Joy-Con drift is becoming a serious pain on the Switch, forcing users to take apart their controllers by hand, send them in for repair or, more commonly, buy a new set of Joy-Cons. But how many of you have suffered so far?
I've had at least one case of serious drift in a left Joy-Con controller. It was one of the original Joy-Cons that shipped with the console, and although it wasn't the only problem that Joy-Con had — the ZL trigger was basically fucked, so I was done with the Joy-Con at that point — it was enough to spell doom for the little controller.
Although I've owned a Switch Pro Controller for a while, I've recently dropped down on a pre-order for the new SN30 Pro+. That was partially because of the extra functionality — I like a controller that's compatible across multiple systems — but also because I'm slightly worried that one too many game nights will force me to replace another Joy-Con down the road. So I'd rather just have an extra controller that I know is solid to go with the Pro Controller, which hasn't had any issues so far.
What's disturbing about all the user reports filed in, both our own anecdotal ones and what everyone has complained about on social media, Reddit, YouTube comments and just about everywhere else, is how quickly it seems to happen after purchase. My left Joy-Con started to go weird after about six months, which wasn't great. But it was also the very first revision of the console, so I was prepared to put up with some initial launch woes, which most consoles in the past have had. But the problem is so prevalent, and the radio silence from Nintendo so concerning, that I'd be genuinely concerned about buying a Switch Lite.
“Joy-Con drift,” which results in a thumbstick that reads movement without player input, has been an ongoing problem for Nintendo Switch owners since the console’s launch back in early 2017. Without large-scale fixes from Nintendo, however, players have taken to fixing their $100 controllers themselves, sometimes with disastrous results.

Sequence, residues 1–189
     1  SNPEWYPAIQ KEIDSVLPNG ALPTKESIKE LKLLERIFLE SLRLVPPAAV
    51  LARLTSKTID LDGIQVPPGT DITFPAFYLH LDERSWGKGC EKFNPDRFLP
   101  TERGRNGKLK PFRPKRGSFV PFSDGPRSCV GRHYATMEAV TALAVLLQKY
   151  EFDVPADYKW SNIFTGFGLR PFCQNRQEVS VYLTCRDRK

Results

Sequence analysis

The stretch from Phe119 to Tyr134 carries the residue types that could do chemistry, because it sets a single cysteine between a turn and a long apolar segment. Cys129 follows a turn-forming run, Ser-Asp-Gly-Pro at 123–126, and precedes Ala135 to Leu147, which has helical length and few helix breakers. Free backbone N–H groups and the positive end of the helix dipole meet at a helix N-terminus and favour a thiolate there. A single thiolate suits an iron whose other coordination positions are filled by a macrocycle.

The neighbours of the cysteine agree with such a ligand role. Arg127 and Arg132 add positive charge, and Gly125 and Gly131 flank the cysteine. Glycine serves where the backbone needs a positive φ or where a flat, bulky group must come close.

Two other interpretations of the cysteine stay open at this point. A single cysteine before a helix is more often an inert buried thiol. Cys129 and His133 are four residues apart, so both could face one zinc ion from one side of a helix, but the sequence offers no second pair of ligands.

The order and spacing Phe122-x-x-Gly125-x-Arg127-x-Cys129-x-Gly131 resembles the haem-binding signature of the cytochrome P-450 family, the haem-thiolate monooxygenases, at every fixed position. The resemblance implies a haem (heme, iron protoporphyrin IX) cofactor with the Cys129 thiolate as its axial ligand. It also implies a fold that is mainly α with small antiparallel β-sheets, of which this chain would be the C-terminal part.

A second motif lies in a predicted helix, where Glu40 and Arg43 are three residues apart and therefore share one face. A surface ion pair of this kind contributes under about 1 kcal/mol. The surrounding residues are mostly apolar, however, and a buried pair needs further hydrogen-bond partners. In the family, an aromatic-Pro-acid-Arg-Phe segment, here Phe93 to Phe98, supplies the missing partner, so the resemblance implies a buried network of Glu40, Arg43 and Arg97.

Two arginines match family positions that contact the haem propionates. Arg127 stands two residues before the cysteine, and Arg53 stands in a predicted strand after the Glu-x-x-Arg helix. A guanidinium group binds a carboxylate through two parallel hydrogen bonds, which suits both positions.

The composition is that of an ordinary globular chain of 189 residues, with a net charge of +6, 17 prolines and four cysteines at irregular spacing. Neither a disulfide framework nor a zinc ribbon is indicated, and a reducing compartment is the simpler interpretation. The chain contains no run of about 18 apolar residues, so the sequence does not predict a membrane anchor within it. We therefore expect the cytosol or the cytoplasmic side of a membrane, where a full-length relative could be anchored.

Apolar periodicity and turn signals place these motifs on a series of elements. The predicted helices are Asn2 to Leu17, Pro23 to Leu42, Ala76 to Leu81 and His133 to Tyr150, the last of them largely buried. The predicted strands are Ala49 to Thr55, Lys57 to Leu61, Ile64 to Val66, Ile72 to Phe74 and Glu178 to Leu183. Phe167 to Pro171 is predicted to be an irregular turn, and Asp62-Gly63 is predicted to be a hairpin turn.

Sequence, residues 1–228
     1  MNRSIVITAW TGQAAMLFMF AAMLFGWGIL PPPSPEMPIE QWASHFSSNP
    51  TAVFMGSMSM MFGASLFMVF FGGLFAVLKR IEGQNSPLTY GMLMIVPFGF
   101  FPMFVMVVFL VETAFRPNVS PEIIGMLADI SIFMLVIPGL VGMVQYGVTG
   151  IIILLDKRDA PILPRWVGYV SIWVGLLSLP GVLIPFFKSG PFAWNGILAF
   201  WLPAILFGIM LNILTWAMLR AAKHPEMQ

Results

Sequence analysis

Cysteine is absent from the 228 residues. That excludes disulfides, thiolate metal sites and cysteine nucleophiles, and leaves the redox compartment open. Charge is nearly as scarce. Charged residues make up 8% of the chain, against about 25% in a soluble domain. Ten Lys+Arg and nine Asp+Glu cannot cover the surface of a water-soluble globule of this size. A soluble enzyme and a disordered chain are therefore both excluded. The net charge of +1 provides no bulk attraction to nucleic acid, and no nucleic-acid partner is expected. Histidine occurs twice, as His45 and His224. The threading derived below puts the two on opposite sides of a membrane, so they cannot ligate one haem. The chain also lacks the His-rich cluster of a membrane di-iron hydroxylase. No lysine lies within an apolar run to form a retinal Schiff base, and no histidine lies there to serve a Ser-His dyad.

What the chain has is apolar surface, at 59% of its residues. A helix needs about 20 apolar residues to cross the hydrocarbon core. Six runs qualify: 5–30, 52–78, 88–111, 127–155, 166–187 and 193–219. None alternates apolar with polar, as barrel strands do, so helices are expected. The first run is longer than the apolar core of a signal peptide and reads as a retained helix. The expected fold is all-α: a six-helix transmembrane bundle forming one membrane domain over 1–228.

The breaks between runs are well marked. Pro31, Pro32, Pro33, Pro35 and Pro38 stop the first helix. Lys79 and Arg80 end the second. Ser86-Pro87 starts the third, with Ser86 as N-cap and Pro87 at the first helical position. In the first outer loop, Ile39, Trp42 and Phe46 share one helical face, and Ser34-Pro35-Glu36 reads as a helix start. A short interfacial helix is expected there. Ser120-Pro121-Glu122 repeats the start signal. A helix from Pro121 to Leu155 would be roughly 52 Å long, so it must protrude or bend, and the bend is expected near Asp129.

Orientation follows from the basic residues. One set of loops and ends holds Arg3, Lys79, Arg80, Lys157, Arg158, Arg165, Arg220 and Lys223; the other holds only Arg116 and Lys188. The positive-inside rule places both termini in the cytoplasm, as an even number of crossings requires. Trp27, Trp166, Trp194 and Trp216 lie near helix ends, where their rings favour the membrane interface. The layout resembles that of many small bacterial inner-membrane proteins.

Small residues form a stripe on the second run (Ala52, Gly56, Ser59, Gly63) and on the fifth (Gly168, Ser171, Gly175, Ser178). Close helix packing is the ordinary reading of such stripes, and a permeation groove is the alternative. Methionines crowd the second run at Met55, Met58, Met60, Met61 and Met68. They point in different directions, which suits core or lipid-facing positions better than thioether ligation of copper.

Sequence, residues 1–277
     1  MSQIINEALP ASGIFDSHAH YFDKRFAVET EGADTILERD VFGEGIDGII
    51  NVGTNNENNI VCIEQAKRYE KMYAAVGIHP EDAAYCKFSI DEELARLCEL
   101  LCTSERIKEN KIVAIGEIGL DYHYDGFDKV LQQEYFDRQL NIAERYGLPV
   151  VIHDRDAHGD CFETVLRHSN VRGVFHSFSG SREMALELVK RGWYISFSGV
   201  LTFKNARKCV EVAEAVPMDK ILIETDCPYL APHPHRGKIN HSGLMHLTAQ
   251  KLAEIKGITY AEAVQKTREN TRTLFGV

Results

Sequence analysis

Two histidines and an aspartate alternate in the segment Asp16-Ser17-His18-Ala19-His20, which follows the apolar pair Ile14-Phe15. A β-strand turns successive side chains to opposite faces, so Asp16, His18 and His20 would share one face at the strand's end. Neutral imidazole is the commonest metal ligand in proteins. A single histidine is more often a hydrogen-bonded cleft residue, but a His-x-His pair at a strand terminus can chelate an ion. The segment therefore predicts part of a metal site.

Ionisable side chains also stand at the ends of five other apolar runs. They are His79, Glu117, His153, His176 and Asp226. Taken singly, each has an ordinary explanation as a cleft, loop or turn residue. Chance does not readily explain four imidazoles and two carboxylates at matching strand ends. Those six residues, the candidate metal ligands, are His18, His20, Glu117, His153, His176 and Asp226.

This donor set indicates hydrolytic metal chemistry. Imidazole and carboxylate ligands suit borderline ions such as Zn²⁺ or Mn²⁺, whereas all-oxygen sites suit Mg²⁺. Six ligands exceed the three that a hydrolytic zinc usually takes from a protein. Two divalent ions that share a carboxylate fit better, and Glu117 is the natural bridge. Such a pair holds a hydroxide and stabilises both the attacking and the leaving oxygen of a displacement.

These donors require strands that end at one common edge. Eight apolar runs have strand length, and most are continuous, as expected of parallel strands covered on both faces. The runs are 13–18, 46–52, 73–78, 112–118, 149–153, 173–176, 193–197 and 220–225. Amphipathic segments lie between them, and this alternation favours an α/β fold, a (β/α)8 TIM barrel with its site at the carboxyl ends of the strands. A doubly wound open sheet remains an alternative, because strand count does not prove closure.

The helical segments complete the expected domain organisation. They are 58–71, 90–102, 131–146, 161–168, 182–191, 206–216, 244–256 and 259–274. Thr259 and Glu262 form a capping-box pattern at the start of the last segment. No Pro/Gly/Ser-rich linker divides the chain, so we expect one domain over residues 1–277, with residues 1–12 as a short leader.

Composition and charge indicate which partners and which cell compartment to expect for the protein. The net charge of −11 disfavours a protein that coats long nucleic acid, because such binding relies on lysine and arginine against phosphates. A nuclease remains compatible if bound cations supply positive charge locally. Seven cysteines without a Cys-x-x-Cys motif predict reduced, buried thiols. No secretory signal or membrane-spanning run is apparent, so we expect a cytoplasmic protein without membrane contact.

If the problem on standard Joy-Cons hasn't been resolved, what's going to happen when you can't replace the Joy-Cons at all? Some of your own stories have been pretty troubling as well. Here's a tale posted by reader jesder about their own misery with Joy-Con drift:
We just recently went through a painful process of dealing with Nintendo customer support here in Australia over 7 (yes 7!) Joy-cons all with drift issues. You would think with 7 controllers all having the same issue (we have 4 switches in the house) that their support would be wanting to help sort it out without fuss. Instead we were hounded for weeks over receipts and had blame put on to "damaged" boards being the cause with several the controllers.
Their support were completely useless and unhelpful to deal with and even claimed to be unaware of any drift issues with their hardware. Nintendo wanted $50 per unit (so $100 for a pair) to replace them with "refurbished" ones. If we didn't want to pay the $50, we would be charged $20 per unit to return them unrepaired. At the time Big W had them on sale for $99 a set - brand new. So it would be cheaper to buy a brand new set from a retailer over their used refurbished junk. I don't know how they justify that. In the end we refused to to pay the $20 per unit unrepaired return fee and managed to get them back.
So I'm curious to get a quick poll from everyone. From everyone who's owned a Switch, have you suffered Joy-Con drift at some point with the console, and how long did it happen after the consoles were released?